Merlot Magic

Duckhorn leads the way as California vintners approach the grape with new energy

From the Nov. 30, 2017, issue

Few California wineries are as strongly identified with a single varietal as Duckhorn is with Merlot. And that’s good news for fans of the grape: Duckhorn is making some of the best bottlings in California today.

Founded in 1976, Duckhorn has made Merlot from the start at its winery just north of St. Helena in Napa Valley. One of the key sources for its success over the years has been the Three Palms Vineyard in the northern reaches of the valley. Duckhorn’s 2014 Three Palms bottling is the highest-rated California Merlot of this report, scoring a classic 95 points on Wine Spectator’s 100-point scale ($98). It is among 100 California Merlots and Merlot-based blends that I have blind-tasted in our Napa office over the past year. (A free alphabetical list of scores and prices for all wines tasted is available.)

“Three Palms is the most structured Merlot we can make,” explains Duckhorn winemaker Renée Ary. “There’s a mindset that you can’t grow a Merlot vineyard in a warm climate, but Three Palms throws that out the window.”

Merlot is usually planted in cooler sites than its leading competitor for consumer attention, Cabernet Sauvignon, but Three Palms is in one of the warmest pockets in Napa Valley, situated near the town of Calistoga.

Ary credits the rocky soils of the site with making the vines struggle, and therefore avoiding the overcropping that results in flaccid warm-climate Merlots. The 2014 is a powerful and refined rendition, with concentrated red fruit, spice and mineral flavors.

In May 2015, Duckhorn bought the vineyard from its longtime owners, the Upton family, from whom they had purchased grapes since Duckhorn’s first Three Palms Vineyard–designated bottling in 1978. Today, 50 of its 83 acres are planted to Merlot, with the rest to other Bordeaux varieties. It is part of the 240 acres that Duckhorn owns in the valley overall, from which spring a bevy of highly rated Merlots, including the Stout Vineyard 2013 (94, $98) and the Atlas Peak 2014 (93, $75). The straight Napa Valley bottling (2014: 92, $54) is notable for its sizable production (52,000 cases) as well as its quality, which gets a boost from the Three Palms fruit that makes up 22 percent of the cuvée.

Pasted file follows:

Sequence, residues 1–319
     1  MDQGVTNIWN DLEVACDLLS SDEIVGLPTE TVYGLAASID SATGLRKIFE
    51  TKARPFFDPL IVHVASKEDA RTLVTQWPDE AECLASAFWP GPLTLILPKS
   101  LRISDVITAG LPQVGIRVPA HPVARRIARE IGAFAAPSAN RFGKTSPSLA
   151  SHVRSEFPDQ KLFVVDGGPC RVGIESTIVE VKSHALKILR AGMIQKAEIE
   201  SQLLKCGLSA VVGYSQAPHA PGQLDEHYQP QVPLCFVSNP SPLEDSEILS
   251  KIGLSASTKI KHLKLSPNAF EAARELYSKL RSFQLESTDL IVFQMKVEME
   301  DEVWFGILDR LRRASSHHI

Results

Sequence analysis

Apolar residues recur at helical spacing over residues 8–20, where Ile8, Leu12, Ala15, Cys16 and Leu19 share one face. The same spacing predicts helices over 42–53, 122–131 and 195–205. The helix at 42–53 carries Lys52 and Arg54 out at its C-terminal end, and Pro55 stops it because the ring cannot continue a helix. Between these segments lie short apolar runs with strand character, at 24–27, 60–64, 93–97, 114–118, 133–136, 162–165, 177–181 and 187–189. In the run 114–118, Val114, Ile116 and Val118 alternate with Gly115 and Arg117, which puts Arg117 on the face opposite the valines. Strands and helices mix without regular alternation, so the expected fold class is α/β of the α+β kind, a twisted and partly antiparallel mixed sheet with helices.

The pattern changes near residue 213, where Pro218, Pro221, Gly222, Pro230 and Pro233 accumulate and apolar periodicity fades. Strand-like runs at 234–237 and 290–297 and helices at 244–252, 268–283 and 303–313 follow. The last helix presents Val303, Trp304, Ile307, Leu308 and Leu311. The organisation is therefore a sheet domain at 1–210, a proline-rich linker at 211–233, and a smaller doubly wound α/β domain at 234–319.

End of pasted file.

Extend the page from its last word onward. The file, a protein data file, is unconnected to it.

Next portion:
The key to success at Three Palms, according to Ary, is to keep a sharp eye on the vineyard’s cultivation techniques, such as cutting lateral canes to reduce yields and thus concentrate the flavors. Also, Ary has ratcheted down the oak treatment: Formerly, at least 95 percent of the wine was aged in new French oak, whereas that figure is now down to 75 percent in order to better allow the fruit components to shine through.

Overall, the Merlot quality quotient is dominated by Napa wines. Of the 26 bottlings that scored 90 points or higher (“outstanding” on Wine Spectator‘s scale), all but three are from the valley.

Napa bottlings from Hall and Rombauer accentuate Merlot’s suppleness while illustrating two styles common in California today.

Both hail from the solid 2014 vintage and are a mixture of estate and purchased fruit from cooler sites to ensure fresh fruit flavors from early-ripening Merlot. The Hall (92, $40) is plush, with richly spiced dark fruit flavors, while the Rombauer (91, $45) features a similar fruit profile but in a crisper package, with dried green herbal shadings. Solid buys include the Oberon Napa Valley 2015 (90, $23), from the Michael Mondavi family, with a mix of dark currant and savory flavors; the high-production Kendall-Jackson Sonoma County Vintner’s Reserve 2014 (89 $24), with notable minerality; and the Edna Valley Central Coast 2015 (87, $14), open-textured and spicy.